How to Enter the NBA Draft
Each Summer, the NBA holds its annual NBA draft in one of the league’s biggest nights of the calendar year. On this night, the league’s 30 franchises meet and select new players for their teams from a pool of hundreds of draft-eligible players. There are several different ways that a player may become eligible for the NBA draft.
In general, a player is eligible for the draft if they are at least 19 years old in the calendar year of the draft. In addition, any player who is not an international player must be at least one year removed from his high school graduating class.
Here are some of the other ways that basketball players become eligible for the NBA draft based on the rules set forth in the 2017 CBA:
Automatic Eligibility Players are eligible for the NBA draft if they meet any of the following criteria:
- The player has completed four years college basketball
- If the player graduated from high school in the U.S. but did not attend a college in the U.S., they are eligible once four years has passed since their high school graduation
- The player has played under any professional basketball contract for any team outside of the NBA
- International players are automatically eligible if they are at least 22 years old during the calendar year of the draft or they have signed and played under a contract with a professional team outside the NBA (but within the USA)
Early Entry - “One and done” is a term that refers to players who obtain draft eligibility by playing college basketball for one year before leaving the school to enter the draft.
The player must be at least 19 during the calendar year of the draft, and be one year removed from high school
Basketball players who choose this route must declare their intentions to enter the draft no later than 60 days before the date of the draft
An alternative to playing college basketball for one season is to play one season in the NBA G-League, where players can earn an income but may not be competing as good as competition seen at the Division I level
Once it is determined that a player is eligible to be an NBA draft pick, they must officially declare for the draft through a variety of ways based off of their individual situation.
If a player did not attend college
If a player did not attend college - Basketball players who did not attend college may obtain automatic eligibility through any of the criteria listed above, but can also declare themselves as an early entrant. To do this, the player must:
- Make a request for early entrant status, in writing, to Adam Silver’s New York office at least 60 days before the draft
- Fill out and return the draft application given by the NBA Commissioner in response to your request
- Upon receiving approval, decide between officially entering into the NBA draft or withdrawing no later than 10 days before the date of the draft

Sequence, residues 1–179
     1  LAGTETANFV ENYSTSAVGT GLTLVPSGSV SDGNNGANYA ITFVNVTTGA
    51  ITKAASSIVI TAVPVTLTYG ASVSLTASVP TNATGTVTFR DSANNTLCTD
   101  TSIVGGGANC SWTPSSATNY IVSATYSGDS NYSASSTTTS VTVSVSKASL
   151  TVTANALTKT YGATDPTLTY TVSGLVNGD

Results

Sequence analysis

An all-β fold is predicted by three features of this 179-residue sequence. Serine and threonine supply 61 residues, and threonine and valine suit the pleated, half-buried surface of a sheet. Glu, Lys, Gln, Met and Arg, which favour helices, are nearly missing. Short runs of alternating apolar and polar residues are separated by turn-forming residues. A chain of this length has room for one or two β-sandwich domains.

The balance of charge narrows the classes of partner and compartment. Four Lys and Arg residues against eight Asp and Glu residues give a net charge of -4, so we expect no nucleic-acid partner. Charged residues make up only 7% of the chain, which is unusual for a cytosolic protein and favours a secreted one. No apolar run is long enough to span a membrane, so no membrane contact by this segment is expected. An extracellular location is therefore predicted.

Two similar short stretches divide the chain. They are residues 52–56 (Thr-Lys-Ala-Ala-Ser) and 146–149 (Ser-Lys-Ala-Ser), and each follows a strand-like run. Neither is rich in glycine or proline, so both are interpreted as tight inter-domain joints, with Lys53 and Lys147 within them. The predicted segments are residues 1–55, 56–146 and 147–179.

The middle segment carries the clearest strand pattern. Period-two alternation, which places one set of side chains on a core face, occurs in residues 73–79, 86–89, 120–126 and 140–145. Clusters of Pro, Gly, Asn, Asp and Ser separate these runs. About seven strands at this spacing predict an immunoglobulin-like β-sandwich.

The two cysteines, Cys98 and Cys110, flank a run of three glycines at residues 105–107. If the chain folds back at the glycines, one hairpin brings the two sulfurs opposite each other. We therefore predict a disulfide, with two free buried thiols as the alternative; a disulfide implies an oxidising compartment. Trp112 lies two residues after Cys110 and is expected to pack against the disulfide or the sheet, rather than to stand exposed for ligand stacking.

College underclassmen - Underclassmen who want to enter the draft must first determine if they need to declare themselves as an early entrant. If the player is eligible, it is important for them to explore their draft potential before surrendering college eligibility. There are two different ways to do this:
- Request an evaluation for the NBA Undergraduate Advisory Committee in writing two days after the NCAA tournament concludes; assess the responses from the committee, which includes executives from 20 NBA teams
- Players can ask their coach to check with NBA general managers to gauge where they rank compared to other players.
Underclassmen are advised to wait until the NBA’s early entry deadline before deciding whether to enter the draft, which is 60 days before the draft. If a player declares right after the NCAA men’s basketball tournament, they are subject to the NCAA rules of early entry deadline one day before the start of the spring signing period; this deadline usually comes about two weeks before the NBA deadline, meaning that players will need to make an official decision much earlier than necessary.
For all players, there are a number of things to keep in mind when making a final decision about declaring for the NBA draft process:
- Entering the NBA draft does not guarantee you serious consideration from NBA teams; only 60 players are drafted on draft night, which leaves many undrafted; undrafted free agents will then visit with several NBA teams and possibly land a spot on their G-League team
- Do not hire an agent until you are sure you want to turn pro; if you hire an agent right away, you automatically lose your college basketball eligibility
- If you choose to withdraw from the draft for any reason, you are eligible for a later draft, but you cannot be eligible for more than two drafts
- You cannot sign an NBA contract without being eligible for at least one draft
- The NBA draft combine is a great way for future NBA players to show off skills and athleticism that does not show up on the stat sheet
- Just because social media mock drafts or ESPN projects a certain player to be a first-round pick, there are many other things besides points, rebounds, and assists that go into a general manager selecting whether or not that player can fit with their team.
Jeff Gordon has been reporting and writing since 1977. His most recent work has appeared on websites such as eHow, GolfLink, Ask Men, Open Sports, Fox Sports and MSN. He has previously written for publications such as "The Sporting News" and "The Hockey News." He graduated from the University of Missouri-Columbia School of Journalism in 1979 with a bachelor's degree.